I often suggest to brands, both personal and consumer brands alike, to consider dipping a toe in the water before jumping in with both feet.
Without trying to come across as scripted, geofilters are, for me, the perfect approach to brand considering a presence on Snapchat, I mean, it is a simple, cost-efficient approach to promoting your brand on the platform – they allow your brand to be part of other people’s conversations, to be part of their story.
Snapchat has released so many creative tools to aide in people’s ability to tell their story, but in my opinion, none can match the effectiveness a well-tailored geofilter can have in adding context to a story.
Just think of the content you consume on Snapchat, and the effect that the JFK airport geofilter, or the Brooklyn geofilter adds to the content. It provides a quick and easy reference to exactly where your favourite snapper currently is, and the added context it provides.
The real trick is for brands to create geofilters that are complementary to storytelling, and avoid disruptive, self-promotional executions.
Think of the traditional fairground, stand in photo props, you know, the one’s with the faces cut out. They worked on a similar level to that of well-executed geofilters, they add to the story, they don’t dictate it, so please, avoid self-promotional geofilters, the vast majority of your audience, and potential audience, just don’t care.
Moving on from this, if a small business believes there is value to be gained from Snapchat, I often suggest they plan, script and produce 3 or 4 live streams, to be executed over a 6 month period…
If this is considered too heavy a workload, then they can forget Snapchat.
If you are looking for a fantastic example of someone doing this right on Snapchat, I hugely recommend checking out @mrmldillman. I’ve been catching his snaps for the past 8 months or so, and he is a great example of showcasing a brand in the language of Snapchat.
He builds furniture, which in my opinion are more like works of art. His execution builds such interest, really engrossing, I mean, I watched this guy build this stunning wooden table over the space of a week, and I have no interest in carpentry!
Remember, great content is created through providing access and putting in the effort.
Snapchat has had a huge affect in gaining exposure and development in both myself, and my personal brand.
I have very much been an advocate of the role Authenticity plays in ‘good social’, and this is where Snapchat really caught my attention, with the platform practically tailor-made for this approach to content creation.
We all know ‘Authentic’ when we see it.
It ain’t a metric.
There’s no magic formula for measuring someone’s level of authenticity.
But, it does exist – you can feel it!
Being authentic with your audience, for me, in a 2017 marketplace, is essential in building any brand, not just that of the personal variety.
You need to consider the fact that consumers of your content can smell BS a mile off, with inconsistency often being considered and recognised as a lack of Authenticity.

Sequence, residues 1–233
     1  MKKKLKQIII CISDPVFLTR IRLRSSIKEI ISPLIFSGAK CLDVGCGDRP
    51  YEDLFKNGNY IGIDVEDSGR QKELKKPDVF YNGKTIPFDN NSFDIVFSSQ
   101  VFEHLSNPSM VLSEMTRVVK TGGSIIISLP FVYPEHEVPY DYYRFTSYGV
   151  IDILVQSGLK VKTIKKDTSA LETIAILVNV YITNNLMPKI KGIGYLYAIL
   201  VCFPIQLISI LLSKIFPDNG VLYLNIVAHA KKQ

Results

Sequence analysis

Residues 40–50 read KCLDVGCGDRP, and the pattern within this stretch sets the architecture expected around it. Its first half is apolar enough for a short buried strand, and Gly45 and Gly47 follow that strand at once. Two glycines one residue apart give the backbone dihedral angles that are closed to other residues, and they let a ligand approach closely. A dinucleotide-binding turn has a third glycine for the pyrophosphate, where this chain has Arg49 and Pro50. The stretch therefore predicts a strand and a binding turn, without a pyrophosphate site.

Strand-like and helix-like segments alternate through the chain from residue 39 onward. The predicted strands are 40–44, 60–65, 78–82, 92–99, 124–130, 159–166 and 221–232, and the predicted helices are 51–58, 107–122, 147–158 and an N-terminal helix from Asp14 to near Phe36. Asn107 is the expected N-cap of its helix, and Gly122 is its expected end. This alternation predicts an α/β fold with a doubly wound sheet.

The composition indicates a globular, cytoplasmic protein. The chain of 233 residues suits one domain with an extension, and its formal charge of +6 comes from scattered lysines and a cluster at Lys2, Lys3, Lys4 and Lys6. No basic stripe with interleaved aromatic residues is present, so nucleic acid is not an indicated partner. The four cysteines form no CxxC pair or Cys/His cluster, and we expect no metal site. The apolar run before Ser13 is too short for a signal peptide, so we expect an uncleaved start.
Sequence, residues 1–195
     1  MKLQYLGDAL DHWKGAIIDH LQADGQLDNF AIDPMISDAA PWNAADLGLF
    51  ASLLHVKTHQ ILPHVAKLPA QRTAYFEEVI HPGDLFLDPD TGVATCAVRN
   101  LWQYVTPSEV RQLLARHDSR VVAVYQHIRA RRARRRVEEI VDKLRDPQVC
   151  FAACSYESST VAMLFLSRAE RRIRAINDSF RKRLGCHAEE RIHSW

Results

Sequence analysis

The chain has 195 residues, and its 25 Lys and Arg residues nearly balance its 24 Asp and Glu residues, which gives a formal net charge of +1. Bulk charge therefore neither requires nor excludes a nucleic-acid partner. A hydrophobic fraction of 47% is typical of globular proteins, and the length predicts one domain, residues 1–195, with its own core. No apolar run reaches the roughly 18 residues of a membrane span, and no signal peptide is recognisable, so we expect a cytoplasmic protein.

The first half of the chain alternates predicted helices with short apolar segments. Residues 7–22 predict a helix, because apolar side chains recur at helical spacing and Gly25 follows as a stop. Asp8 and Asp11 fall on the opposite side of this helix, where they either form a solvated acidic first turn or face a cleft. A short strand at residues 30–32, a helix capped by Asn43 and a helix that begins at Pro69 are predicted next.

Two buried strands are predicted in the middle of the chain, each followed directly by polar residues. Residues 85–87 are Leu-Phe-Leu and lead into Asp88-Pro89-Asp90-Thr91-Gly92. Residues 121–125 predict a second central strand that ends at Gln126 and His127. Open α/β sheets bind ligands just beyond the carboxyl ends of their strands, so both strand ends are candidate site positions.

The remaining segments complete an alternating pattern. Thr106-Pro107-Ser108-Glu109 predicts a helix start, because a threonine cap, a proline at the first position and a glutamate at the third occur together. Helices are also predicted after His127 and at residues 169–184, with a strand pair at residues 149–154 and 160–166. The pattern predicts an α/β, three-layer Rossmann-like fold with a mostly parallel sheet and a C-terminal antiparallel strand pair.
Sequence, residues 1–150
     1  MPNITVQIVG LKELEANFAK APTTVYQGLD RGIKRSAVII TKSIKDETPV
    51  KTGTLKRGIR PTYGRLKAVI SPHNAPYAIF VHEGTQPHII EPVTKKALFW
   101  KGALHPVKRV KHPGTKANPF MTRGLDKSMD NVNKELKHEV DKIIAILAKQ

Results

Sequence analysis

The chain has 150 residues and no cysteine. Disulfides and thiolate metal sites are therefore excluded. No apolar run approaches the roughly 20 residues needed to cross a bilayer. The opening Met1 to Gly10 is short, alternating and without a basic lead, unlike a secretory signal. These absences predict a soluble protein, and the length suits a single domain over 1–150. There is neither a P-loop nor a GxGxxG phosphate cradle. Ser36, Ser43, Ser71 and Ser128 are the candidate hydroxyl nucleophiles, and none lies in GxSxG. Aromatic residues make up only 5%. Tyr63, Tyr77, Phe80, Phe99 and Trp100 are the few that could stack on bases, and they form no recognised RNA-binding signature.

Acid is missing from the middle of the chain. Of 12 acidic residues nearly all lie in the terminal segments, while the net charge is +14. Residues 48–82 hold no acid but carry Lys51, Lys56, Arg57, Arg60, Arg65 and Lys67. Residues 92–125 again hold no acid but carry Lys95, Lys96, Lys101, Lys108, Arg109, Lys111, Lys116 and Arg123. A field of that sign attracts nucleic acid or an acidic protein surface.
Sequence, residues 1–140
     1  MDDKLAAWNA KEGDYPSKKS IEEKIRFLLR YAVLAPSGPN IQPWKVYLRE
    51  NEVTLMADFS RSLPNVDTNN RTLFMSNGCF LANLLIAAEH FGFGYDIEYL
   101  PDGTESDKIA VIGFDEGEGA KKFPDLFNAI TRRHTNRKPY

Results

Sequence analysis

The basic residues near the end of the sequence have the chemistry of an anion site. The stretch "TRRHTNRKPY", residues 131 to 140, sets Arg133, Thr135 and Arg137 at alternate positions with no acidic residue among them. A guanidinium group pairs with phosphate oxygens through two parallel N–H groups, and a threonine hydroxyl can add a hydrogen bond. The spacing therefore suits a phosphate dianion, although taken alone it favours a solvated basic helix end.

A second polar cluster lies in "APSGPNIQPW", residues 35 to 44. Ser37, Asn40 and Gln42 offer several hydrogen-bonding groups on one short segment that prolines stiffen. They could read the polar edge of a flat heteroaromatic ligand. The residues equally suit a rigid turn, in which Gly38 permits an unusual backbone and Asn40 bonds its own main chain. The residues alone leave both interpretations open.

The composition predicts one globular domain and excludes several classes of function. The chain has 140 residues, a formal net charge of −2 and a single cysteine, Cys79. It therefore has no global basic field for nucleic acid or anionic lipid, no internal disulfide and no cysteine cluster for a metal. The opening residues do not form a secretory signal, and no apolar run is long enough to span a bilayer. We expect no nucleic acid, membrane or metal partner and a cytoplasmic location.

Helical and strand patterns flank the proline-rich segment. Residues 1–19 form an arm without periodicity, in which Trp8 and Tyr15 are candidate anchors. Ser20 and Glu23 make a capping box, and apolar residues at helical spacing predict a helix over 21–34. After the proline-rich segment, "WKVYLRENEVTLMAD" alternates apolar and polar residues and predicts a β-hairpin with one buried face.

And this is where Snapchat and I really hit it off.
Through being myself, sharing my honest opinions, often controversial analogies, and the occasional use of expletives, Snapchat not only provided a platform for people to see more than what I was just saying, it allowed people to see the personality behind the words, and gained insight of the where and why of my personal brand… and that when a Glaswegian uses the odd profanity, it doesn’t always mean they’re angry.
And, the best part?
My authentic approach to Snapchat spilled over to my other social accounts, which had the effect of re-aligning them, and allowing them to be used in their desired way, for example, Twitter very quickly became less of to do with promoting content, and became the platform for communicating, and engaging with people in and around that content.
So, what effect has Snapchat had on my personal brand…?
Not only has it worked as a pair of spectacles (see what I did there?) that aided in focusing the purpose of my other social platforms, but, it both encouraged and validated my belief that success can be found, complemented with quality content, through simply being yourself.
What I must mention, is the amount of value to be gained through the relationships formed on Snapchat.
I personally have built some fantastic friendships, and through their insight, I have noticed the development in myself, for example, advice on live streaming @rachelreallysoc, growth hacking @morganb180, community building @krisgillentine…
What I’m getting at here, is that there is a wealth of expertise out there, with many people more than willing to share their knowledge with you, a huge opportunity for development, and one which I continue to benefit from.
Of all the questions you could have asked, this is the one I feel is impossible for me to answer, impossible to narrow it down to just one.
I mean, literally every other week I have the luxury of connecting with new, interesting people, resulting in my “favourite list” forever exponentially growing.
However, there are a few Snapchatters out there I have been lucky enough to have built good, solid relationships over the past year or so.
These 4 people not only post great stories on a daily basis; and yes actual stories, as opposed to occasional mutterings, but over the past year have built and developed a long-form underlying story, the story of their journeys in their various fields.
I’m lucky enough to consider these guys friends, and it’s an absolute pleasure to share them with you.
The man, the myth, the legend!
Jason is one of the first Snappers I found who was a natural for the platform.
Entrepreneur and community builder, Jason owns a Real Estate Development firm, and Entertainment company to mention but a few.